The ability to enjoy deep, restorative sleep usually diminishes with age. Frequent bathroom trips and periods of wakefulness, combined with the anxiety of moving into a care facility, can increase the risk of insomnia, as well as conditions associated with poor sleep patterns such as memory loss and heart disease. Improving sleep for seniors can help to extend life and health span. Considering that most sleep problems are associated with stress, poor sleep environment, lack of exercise and social involvement, and medications, making a few adjustments to your lifestyle and sleep environment can allow you to enjoy better quality sleep. Below are some changes to consider. Install low-wattage bulbs in your bedroom, and avoid the TV, computer, backlit devices (tablets and smartphones) and other sources of bright artificial light at least one hour before going to bed. This will help to boost your melatonin levels—the hormone responsible for making you…> Read More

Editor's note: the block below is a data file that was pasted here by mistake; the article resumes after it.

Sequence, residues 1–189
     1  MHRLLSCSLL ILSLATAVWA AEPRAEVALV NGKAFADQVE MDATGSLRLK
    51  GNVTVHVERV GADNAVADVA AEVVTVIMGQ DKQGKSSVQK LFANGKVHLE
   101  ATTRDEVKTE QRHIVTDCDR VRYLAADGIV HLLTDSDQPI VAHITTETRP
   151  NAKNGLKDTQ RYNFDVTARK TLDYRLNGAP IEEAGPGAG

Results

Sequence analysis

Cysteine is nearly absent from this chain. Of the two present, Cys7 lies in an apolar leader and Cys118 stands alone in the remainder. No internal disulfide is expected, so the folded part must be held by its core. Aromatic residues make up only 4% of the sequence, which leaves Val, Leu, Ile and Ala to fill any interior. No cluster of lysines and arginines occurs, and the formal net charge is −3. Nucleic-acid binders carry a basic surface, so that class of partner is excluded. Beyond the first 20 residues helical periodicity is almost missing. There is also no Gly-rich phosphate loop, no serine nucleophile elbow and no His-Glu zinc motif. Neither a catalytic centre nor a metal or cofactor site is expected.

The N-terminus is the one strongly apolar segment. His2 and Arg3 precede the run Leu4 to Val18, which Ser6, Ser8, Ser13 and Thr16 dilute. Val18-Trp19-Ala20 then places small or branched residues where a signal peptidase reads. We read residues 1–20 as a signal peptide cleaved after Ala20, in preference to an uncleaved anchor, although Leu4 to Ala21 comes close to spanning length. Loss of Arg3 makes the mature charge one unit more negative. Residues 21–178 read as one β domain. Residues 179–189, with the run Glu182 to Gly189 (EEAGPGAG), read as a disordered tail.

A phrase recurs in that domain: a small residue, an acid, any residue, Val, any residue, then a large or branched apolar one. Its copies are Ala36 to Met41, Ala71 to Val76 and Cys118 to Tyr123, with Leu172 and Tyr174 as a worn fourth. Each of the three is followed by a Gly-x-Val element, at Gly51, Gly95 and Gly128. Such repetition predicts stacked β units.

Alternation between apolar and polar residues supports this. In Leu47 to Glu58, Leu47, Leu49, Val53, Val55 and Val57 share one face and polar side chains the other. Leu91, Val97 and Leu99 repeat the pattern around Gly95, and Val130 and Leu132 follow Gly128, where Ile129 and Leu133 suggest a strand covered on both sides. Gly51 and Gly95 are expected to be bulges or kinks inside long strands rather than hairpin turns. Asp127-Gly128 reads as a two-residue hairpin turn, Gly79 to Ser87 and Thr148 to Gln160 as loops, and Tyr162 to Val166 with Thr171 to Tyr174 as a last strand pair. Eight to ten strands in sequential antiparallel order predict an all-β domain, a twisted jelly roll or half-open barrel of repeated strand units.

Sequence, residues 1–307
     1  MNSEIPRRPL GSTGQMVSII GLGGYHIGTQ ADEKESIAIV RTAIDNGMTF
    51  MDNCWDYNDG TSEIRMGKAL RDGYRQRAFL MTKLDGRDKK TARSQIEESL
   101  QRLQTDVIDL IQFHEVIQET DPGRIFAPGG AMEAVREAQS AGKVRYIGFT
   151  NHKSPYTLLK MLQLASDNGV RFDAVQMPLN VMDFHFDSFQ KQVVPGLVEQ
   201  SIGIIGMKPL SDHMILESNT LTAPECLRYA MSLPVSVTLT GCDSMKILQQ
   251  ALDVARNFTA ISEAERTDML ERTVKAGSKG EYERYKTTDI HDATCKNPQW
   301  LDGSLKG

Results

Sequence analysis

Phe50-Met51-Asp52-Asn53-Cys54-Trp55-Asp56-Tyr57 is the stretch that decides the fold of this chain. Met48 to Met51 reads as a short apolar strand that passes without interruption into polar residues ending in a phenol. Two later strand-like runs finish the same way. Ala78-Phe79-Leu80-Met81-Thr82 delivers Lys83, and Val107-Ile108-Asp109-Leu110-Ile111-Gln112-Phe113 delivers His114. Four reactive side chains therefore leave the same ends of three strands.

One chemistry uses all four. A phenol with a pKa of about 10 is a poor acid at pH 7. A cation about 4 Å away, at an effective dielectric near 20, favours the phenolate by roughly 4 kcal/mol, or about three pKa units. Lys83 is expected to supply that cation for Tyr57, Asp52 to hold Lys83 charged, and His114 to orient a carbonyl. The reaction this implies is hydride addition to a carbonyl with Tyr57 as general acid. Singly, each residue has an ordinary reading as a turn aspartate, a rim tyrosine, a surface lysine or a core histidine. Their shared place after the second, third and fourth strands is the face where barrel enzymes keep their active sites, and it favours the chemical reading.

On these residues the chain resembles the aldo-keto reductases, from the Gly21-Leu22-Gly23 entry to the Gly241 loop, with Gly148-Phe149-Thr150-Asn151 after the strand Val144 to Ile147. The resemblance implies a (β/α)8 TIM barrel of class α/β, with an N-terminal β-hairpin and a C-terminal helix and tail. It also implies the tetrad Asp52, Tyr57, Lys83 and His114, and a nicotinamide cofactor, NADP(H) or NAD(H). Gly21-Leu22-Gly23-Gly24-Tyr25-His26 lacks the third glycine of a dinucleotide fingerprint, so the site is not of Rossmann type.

Over the the average person’s lifespan, the amount of time spent sleeping each day varies drastically. Newborns spend anywhere from 16 to 20 hours per day sleeping. Between the ages of one and four the amount of sleep we need decreases to 11 or 12 hours. The required sleep declines further as a person progresses through childhood, and entering adolescence we typically require roughly nine hours of sleep per 24-hour cycle to function at our physical and cognitive best. Adults through middle age typically need at least eight hours, and although the elderly require roughly the same, they may find it hard to acquire all eight of these hours in one block of time. Additionally, our sleep patterns—the way in which we sleep and the degree to which we sleep—also change. A newborn’s sleep in incredibly sporadic. The need to eat and sleep are cyclical and frequent; one often begins…> Read More
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